systems every month. So, there is not a single fix, as in the 
Y2K, as Mr. Turner and everyone has talked about. There was a 
single crisis. There was a single thing that we had to fix.
    This is going to be an ongoing problem, and ever more 
difficult in many ways to stay on top of as we become more and 
more global. So, we need to look at what can we do today, but 
also on the more fundamental things to make our systems 
fundamentally secure. How do we design the systems and how do 
we design the software so it is not up to the user to fix and 
put the patches, which will always be there? Somehow, how do we 
fundamentally make the system more robust?
    Mr. Pethia. I am building briefly on Mr. Gilligan's 
remarks; this idea of two tiers of threat. At the lowest level, 
and one of my big concerns, and the reason that I am advocating 
for increased emphasis on analysis, capability, and data 
collection is that the low-level threat, the amount of noise 
generated by that threat is now so huge. We literally get 50 
new incidents reported to us every day. We are only 1 of 90 
emergency response teams, as well as a number of government 
agencies who focus on this issue.
    There is so much activity out on the network today. It is 
very difficult to pull out from all of that noise the one or 
two key things that you really need to pay attention to. In 
order to stay ahead of this problem, I think we are going to 
need to become much more sophisticated in the way we collect 
and analyze incidents data. So we can look for those key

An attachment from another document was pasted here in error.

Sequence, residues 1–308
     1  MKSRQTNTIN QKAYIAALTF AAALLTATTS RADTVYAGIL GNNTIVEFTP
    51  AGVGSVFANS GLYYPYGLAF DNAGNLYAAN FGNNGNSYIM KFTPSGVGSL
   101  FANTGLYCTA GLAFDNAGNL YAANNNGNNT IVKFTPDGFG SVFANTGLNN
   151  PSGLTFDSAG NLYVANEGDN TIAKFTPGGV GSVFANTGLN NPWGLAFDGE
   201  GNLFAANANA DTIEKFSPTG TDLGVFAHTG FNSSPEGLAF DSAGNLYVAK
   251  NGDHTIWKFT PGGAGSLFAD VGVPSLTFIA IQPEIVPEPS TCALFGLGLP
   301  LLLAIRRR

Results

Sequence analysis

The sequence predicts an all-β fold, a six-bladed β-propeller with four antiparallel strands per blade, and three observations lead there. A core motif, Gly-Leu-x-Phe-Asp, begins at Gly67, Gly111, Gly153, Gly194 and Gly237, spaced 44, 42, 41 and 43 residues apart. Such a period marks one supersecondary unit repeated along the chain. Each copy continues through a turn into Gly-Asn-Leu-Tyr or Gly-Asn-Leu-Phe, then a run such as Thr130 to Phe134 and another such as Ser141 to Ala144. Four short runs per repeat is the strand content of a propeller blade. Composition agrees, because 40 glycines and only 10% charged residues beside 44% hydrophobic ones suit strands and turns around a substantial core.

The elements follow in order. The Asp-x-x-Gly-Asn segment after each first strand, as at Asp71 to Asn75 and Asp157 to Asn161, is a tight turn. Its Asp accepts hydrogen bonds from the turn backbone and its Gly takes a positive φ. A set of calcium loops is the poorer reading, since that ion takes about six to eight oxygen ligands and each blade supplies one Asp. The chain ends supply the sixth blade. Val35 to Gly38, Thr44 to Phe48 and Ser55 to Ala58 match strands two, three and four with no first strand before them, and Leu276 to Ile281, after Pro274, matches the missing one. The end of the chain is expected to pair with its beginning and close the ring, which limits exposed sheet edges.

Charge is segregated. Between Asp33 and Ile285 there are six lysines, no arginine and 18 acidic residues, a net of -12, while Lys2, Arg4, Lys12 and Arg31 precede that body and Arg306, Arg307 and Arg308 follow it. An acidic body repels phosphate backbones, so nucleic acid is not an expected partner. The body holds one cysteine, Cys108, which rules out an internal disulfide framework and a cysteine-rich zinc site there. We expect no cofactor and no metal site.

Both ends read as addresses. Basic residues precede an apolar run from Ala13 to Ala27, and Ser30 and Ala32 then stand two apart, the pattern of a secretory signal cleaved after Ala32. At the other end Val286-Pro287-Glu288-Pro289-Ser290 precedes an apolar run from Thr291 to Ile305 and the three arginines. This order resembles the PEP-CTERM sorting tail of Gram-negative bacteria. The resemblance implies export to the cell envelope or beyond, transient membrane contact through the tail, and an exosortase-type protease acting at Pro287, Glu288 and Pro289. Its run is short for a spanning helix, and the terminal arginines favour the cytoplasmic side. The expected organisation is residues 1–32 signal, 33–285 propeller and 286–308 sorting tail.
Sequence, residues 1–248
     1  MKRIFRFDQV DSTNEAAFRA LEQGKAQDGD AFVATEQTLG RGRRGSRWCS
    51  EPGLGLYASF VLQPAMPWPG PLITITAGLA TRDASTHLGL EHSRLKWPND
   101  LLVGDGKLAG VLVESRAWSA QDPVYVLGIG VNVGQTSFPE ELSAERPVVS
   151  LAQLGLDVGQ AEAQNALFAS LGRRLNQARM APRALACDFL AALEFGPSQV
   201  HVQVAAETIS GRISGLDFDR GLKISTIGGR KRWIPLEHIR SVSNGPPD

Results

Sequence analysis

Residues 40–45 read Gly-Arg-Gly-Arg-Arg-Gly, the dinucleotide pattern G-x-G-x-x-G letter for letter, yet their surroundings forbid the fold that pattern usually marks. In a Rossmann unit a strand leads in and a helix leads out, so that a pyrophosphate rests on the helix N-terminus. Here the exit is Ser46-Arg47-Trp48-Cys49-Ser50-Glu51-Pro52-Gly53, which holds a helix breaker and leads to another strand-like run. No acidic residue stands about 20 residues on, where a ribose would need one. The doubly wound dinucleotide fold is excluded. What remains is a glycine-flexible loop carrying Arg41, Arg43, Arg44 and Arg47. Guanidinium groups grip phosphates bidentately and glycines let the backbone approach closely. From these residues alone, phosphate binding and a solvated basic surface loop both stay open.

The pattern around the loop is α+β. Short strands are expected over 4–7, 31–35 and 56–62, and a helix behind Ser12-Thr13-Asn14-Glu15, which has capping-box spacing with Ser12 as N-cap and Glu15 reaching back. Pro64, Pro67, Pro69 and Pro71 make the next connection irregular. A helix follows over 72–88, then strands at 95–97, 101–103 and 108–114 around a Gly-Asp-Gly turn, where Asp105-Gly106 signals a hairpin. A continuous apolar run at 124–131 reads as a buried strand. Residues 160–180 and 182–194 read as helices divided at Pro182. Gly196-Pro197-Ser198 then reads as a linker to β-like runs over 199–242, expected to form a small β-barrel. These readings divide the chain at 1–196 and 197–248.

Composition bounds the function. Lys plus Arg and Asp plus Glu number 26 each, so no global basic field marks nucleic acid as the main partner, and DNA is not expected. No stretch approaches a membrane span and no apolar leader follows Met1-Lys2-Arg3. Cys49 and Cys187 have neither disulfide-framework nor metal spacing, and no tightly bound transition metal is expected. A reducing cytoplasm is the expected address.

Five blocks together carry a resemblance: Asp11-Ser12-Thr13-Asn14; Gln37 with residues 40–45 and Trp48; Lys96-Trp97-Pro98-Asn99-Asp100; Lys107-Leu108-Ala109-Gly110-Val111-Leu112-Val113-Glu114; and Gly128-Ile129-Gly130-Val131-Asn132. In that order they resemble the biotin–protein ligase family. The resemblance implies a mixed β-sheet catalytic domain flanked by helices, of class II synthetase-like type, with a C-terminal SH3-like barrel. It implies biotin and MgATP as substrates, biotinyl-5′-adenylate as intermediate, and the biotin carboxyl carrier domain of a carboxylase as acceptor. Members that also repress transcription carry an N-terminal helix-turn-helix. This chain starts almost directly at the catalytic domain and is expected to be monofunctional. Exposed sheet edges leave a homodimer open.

indicators that there is something really significant going.
    Mrs. Biggert. Thank you. Thank you, Mr. Chairman.
    Mr. Horn. Thank you. May I suggest that if we have some 
additional questions, that we have a time problem here. A 
number of us are involved in things that just go every 15 
minutes, starting at around 12:05 p.m. So, if you do not mind, 
we would like to submit some of these questions, I know that I 
have, to you. Take your time, but we would love to have them in 
the record at this point, your best thoughts, if that is OK 
with you.
    [The information referred to follows:]
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    Ms. Brown. Thank you very much for the opportunity.
    Mr. Horn. Well, we thank you. The chart here I particularly 
want your comments. That is our question 5, for the majority. I 
think you have it. Now, this was prepared by counsel, Mr. Ryan. 
He is 100 percent Irish. I am only 50 percent Irish. It is not 
even St. Patrick's Day. I look at that. I looked for Jesse 
Jackson on the floor. It looks like the Rainbow Coalition. He 
is serious about this and we are.
    So, we would like your best shot at it, in terms of all of 
these organizations and how they can work on computer security 
issues. The key question still remains on who is coordinating 
this operation? Are there various ways, given the private